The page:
Pagosa’s Past: The Owl Hoot Trail

Photo courtesy John Motter
Crowds, horses and wagons, and rodeos have been part of the Pagosa Springs Fourth of July for a long time.

By John M. Motter
PREVIEW Columnist

I heard an owl hoot the other day. It must have been about 9 in the morning, an unusual time to hear an owl. Owls are not expected to hoot during the morning, unless they don’t give a hoot.

Since I have been writing about trails, hearing this owl reminded me of a story I once read wherein a cowboy, let’s call him Bill, was riding the “Owl Hoot Trail.” He’d just gunned down a yahoo who’d just been visiting Bill’s gal, and Bill was getting out of town at night so it would be harder for the law to follow him.

As often happens, my mind drifted off and I remembered a time when I decided to travel at night. I wasn’t runnin’ from the law, I just wanted to do some trout fishing at the headwaters of the Middle Fork of the Piedra River. By the time I got my backpack filled, night was beginnin’ to fall. Being an experienced mountain man, I used a soft pack for tough trails and my pack had a place for everything, including survival gear in case I broke a leg or some other catastrophe happened.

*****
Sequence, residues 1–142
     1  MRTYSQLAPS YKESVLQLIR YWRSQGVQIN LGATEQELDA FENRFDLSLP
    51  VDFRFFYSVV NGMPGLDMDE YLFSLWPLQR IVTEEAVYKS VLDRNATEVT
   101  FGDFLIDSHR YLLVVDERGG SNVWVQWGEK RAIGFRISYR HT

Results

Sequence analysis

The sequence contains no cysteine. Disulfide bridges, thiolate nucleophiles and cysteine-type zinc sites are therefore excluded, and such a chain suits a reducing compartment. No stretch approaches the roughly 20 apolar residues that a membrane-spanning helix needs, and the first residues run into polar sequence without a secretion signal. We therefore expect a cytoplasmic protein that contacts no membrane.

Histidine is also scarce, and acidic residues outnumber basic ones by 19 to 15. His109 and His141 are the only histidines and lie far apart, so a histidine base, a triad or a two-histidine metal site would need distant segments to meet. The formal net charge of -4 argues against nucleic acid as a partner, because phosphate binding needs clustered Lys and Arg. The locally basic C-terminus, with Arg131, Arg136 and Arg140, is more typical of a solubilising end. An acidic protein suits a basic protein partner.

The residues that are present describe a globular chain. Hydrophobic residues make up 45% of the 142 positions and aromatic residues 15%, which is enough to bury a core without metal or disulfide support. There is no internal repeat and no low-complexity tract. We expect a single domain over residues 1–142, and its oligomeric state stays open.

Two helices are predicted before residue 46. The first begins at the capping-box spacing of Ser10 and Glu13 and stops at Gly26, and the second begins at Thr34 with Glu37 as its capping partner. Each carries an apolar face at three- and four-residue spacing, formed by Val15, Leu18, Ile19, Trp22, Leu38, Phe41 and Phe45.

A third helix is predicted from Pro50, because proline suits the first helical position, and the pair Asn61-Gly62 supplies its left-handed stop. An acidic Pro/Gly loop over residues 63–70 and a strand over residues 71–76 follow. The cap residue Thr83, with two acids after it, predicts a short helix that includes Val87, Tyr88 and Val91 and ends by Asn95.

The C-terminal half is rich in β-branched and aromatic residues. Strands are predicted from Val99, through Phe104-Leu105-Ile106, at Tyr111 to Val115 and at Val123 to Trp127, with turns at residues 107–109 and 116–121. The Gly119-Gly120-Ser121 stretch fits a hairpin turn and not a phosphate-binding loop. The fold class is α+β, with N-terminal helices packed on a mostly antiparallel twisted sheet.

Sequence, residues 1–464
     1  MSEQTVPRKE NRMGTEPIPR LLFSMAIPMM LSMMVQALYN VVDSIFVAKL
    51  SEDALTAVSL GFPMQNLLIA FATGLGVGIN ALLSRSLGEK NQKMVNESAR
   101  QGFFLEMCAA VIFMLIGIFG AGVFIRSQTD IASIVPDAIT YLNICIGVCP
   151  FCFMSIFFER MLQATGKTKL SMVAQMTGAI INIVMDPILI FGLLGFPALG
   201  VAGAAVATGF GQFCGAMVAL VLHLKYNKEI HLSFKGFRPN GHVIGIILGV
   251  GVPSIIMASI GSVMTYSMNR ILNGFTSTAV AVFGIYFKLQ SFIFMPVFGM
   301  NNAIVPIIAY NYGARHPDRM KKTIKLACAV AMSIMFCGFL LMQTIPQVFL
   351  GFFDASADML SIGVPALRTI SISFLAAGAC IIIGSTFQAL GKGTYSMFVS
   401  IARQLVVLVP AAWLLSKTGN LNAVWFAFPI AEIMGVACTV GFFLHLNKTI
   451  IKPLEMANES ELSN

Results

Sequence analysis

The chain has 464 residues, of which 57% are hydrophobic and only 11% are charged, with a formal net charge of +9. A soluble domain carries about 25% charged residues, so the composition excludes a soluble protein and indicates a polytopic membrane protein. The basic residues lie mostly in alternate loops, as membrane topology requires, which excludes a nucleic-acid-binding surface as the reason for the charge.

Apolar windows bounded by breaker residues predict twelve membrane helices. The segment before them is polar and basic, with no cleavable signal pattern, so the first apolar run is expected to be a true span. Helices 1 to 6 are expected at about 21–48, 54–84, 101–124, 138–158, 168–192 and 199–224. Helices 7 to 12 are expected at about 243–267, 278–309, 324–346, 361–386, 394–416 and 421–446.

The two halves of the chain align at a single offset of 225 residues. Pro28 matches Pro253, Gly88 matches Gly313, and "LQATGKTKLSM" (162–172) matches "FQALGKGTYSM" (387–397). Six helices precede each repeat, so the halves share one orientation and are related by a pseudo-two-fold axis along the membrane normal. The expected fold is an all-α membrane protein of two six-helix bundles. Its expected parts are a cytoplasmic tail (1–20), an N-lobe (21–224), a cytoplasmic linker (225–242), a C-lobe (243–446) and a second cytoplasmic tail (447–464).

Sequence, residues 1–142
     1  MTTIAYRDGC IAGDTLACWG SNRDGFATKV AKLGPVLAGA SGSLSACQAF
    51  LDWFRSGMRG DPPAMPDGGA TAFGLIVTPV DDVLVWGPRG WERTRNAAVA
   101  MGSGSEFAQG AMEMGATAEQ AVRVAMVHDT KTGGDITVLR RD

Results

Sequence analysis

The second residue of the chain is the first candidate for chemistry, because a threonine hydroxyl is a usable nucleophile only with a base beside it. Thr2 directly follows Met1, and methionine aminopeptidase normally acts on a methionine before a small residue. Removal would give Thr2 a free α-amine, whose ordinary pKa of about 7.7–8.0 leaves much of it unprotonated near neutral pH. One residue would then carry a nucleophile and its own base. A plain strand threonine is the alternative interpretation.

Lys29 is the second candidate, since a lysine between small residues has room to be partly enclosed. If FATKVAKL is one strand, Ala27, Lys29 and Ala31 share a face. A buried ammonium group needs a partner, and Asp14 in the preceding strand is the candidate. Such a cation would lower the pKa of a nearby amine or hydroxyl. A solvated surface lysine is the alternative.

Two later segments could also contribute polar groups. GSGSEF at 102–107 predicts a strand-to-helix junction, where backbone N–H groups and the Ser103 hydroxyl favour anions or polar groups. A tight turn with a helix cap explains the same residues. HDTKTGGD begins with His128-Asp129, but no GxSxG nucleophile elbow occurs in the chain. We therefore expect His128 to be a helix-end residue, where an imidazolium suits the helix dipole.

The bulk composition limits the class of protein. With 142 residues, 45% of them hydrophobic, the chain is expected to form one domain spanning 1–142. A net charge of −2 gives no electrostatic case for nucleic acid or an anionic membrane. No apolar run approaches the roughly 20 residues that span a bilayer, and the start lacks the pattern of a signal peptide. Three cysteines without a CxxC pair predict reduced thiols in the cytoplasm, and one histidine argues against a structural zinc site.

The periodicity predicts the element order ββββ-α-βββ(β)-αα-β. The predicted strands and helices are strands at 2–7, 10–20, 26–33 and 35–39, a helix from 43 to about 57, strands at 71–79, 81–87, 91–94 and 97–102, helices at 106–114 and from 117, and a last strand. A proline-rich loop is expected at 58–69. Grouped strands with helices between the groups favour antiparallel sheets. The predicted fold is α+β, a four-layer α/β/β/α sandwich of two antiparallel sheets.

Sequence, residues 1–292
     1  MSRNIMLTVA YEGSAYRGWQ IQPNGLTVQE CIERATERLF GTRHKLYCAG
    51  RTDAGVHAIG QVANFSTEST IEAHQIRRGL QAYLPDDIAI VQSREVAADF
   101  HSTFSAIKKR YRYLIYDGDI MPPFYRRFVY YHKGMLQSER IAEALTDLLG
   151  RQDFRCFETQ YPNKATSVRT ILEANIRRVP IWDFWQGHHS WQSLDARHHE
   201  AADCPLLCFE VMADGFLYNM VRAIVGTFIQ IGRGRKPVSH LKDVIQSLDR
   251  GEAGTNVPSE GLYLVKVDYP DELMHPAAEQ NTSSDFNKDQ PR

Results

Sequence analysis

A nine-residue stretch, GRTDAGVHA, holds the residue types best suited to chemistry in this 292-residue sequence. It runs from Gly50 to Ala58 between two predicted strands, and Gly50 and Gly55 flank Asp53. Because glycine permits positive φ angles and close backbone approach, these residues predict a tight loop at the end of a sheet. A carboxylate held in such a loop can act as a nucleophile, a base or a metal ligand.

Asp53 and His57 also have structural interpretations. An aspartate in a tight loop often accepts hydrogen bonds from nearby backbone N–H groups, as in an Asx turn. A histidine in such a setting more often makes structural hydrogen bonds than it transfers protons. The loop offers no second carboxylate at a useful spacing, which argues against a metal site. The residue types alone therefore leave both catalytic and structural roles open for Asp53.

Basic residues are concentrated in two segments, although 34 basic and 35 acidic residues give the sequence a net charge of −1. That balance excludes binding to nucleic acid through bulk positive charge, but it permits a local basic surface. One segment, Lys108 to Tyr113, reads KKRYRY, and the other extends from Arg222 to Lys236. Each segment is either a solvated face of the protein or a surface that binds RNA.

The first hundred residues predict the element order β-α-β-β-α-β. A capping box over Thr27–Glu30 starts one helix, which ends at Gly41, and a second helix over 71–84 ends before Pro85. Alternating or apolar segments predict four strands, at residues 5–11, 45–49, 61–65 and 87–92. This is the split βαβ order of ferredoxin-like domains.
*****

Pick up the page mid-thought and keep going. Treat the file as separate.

Yes, I know the books telling us how to camp say don’t go out alone. Personally, I’ve packed up mountain trails in Oregon, California, Arizona and Utah and figured I could write one of those books myself.

And so, by the time I’d stuffed a few days’ grub, a tiny camping stove with some extra fuel, and my fishing gear into my pack, made sure my knife was strapped around my waist, double-checked the water-proofed San Juan National Forest map and a topo map, the sun was droppin’ behind the western-most mountains.

“Not to worry,” I says to me. I’ve done this trail several times and it’s a piece of cake. This trail is wide enough for horses, I can surely follow it on foot in the dark. There are a couple of lakes near the top, which is also near the Continental Divide. That’s where I planned to camp.

I climb out of the truck, lock the doors and follow the river up to where the Middle Fork Trail leaves the river and veers off to the right and starts to climb the mountain. I see the trail and start walkin’. I hadn’t gone far when the trail turned and I didn’t. The truth soaked in along with the rain and soon enough for me to realize that I’d made a mistake. I couldn’t see in the dark. I fumbled my way back to where I could hear the river, set up my backpack tent, and that’s where I ate breakfast the next morning. It was a lesson well learned.